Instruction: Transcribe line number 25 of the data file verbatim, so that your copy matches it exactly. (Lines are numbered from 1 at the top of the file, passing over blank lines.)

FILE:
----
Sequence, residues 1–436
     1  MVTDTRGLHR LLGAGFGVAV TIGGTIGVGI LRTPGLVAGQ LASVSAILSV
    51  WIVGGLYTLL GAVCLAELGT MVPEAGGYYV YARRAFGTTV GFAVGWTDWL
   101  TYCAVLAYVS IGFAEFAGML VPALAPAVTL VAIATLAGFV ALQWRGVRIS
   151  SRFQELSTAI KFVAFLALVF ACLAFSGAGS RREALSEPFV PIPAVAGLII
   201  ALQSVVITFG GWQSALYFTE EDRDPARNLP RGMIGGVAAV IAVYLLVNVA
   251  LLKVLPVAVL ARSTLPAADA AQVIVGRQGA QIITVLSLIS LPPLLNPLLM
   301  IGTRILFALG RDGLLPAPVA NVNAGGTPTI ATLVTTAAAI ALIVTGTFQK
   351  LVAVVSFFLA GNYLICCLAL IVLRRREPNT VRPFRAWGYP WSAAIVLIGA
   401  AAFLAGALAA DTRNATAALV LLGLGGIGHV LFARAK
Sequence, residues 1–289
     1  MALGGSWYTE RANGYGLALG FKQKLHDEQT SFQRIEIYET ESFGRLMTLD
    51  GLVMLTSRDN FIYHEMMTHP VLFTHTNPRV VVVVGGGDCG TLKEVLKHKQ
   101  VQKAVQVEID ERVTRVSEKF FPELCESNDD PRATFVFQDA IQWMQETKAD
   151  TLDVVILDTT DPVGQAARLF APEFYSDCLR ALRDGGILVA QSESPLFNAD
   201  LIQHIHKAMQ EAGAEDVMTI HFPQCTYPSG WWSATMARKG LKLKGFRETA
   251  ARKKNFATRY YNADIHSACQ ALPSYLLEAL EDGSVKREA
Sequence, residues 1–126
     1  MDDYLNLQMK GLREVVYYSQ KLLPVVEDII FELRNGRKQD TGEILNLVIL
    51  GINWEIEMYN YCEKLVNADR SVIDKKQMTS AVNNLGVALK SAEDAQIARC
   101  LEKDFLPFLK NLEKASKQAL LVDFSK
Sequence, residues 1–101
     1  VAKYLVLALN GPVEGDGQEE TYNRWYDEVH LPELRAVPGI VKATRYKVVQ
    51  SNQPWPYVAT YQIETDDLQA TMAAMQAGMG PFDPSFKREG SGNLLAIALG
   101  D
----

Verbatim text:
   101  D